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post #1 of 51 Old 06-02-2008 Thread Starter
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Thumbs up Singlehanding...

I have some experience singlehanding but whenever I was out alone, I only sailed with the main. Now, I want to go out and sail the boat with both a mainsail and a headsail. My question for you guys it how do you deal with the tiller and sheets through maneuvers.

I am talking about monohulls without self-tacking equipment. So let's say you execute a tack or gybe. Do you deal with the mainsail then get the boat steady on its new heading then let go of the tiller to deal with the headsail?

Any tips or tricks? The two scenarios I'm thinking of are:

Singlehanding: Alone
Singlehanding: There are others on the boat but they are not sailors. Do you teach them what to do?

I sail.
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post #2 of 51 Old 06-02-2008
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When I tack my boat and spouse is aboard but say below, I preset the main where I want it on next tack, then tack while releasing the jib lines, then attempt to pull jibs with one hand and then two as I straighten out, then with a foot or equal on the tiller, I pull in the sheet with one hand, and turn winch with other. Joys of non self tailing winches!

You just do this as simple and to a degree slow to a point, then fix everything as you can. It will not be as fast as when you have two or more. You need to find a "what works best" for you and your boat.


She drives me boat,
I drives me dinghy!
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post #3 of 51 Old 06-02-2008
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I am guessing you are talking about bigger boats than mine, but I can generally keep the tiller in my off hand and work the sheets one at a time with the other hand. My kids like to hold the tiller sometimes, which can help. The key is to pay attention to which side they (they being anyone who doesn't respond to sailing commands) are sitting on so you can ask them to "push the handle away" or "pull the handle toward you" and always say "a little". My free footed jib will make a mess of the sheets if you let it flap, so I tend to deal with it before the main (other than ducking under the boom). But I am not a very good sailor, so take this all with a big grain of salt. I generally get to where I planned to go for the day and get back to the dock, but not necessarily with a style you would want to copy...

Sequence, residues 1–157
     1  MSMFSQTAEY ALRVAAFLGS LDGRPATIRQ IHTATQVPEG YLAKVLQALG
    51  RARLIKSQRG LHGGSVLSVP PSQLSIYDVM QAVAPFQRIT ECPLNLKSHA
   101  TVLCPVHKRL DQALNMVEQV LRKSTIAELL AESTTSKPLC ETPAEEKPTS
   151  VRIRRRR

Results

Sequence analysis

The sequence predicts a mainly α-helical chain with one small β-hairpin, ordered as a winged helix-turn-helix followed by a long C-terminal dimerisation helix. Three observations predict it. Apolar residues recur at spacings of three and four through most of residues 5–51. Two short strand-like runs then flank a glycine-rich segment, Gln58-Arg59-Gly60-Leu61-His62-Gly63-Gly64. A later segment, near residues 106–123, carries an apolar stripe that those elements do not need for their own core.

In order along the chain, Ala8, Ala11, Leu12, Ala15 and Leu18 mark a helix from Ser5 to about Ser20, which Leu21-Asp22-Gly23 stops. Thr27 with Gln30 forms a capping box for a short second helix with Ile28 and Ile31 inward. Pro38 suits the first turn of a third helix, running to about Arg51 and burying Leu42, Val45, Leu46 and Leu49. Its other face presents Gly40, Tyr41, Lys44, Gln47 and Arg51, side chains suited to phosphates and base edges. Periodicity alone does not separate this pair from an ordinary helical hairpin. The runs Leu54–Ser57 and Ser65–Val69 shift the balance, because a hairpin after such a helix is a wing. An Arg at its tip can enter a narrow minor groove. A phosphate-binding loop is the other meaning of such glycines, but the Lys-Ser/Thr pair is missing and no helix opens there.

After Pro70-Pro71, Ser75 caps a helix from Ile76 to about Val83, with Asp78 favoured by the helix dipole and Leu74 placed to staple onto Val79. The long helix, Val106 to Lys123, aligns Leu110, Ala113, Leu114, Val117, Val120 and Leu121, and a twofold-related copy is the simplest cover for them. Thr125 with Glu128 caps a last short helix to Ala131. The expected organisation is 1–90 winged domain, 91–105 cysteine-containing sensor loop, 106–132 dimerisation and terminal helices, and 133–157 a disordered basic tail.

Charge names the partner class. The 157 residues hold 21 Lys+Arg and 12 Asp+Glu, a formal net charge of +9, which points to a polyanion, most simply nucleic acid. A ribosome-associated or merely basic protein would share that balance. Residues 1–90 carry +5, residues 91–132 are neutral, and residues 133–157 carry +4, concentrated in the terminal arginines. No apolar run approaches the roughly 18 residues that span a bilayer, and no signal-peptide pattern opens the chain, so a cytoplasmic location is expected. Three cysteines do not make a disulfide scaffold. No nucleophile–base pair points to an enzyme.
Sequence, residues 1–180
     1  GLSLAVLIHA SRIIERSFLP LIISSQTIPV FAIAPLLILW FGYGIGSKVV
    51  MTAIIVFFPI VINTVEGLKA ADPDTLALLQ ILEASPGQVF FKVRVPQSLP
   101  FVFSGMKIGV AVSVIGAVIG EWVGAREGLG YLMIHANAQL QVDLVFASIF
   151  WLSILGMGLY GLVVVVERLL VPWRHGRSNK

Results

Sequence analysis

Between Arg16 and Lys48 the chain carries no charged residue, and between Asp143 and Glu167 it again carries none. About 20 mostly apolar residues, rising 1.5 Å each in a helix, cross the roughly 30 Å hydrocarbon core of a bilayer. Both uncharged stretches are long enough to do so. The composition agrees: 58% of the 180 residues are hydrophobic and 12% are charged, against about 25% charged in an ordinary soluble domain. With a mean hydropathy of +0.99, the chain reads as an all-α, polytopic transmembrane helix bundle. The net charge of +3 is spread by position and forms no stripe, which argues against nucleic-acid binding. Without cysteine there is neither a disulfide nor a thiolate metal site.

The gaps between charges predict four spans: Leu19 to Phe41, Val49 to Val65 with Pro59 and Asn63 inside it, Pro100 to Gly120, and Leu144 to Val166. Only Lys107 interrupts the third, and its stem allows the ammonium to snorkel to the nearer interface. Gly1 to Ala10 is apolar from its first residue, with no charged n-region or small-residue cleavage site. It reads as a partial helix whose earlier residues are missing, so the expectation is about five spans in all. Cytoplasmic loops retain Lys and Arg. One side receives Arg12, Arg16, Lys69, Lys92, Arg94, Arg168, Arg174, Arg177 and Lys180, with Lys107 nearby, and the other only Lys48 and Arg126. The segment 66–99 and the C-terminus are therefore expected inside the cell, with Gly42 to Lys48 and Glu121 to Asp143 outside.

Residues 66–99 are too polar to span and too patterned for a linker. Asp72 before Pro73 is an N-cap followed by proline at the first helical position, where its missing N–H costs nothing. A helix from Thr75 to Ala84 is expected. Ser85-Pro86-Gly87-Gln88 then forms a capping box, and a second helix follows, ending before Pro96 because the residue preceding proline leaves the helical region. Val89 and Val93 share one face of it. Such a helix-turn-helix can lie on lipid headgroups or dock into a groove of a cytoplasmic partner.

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post #4 of 51 Old 06-02-2008
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When I SH Oh Joy, I set the tack up by getting three wraps on the Leeward winch prior to the tack or gybe. I then tack through and backwind the Genny prior to throwing off the old Leeward sheet. As the sail comes across, I hand trim like mad trying to minimize grinding, even if I go around further then I want. Once I've gotten as much of the new Leeward sheet in by hand as I'm gonna get, I adjust course, put my knee against the tiller and grind the last bit. Gybing is tougher because the pressure never really lets off the headsail. Then again, you can take more time trimming it offwind. Gybing the A-sail can be tough if ya screw it up but easy in light air if your launch correct to start with. I do outside Gybes with mine.
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post #5 of 51 Old 06-02-2008
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Try it with just the jib, work up to jib and main once you have the jib down. I'm not tiller, not monohull, and have (but don't use) self tacking equipment, but -
that's how I figured it out and got comfortable with it.
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post #6 of 51 Old 06-02-2008
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I kept the sheets as organized and as far separated as possible. Center the main over the traveler, tighten down the boom vang and traveler so the boom moves as little as possible. Get the winch handle ready under my leg.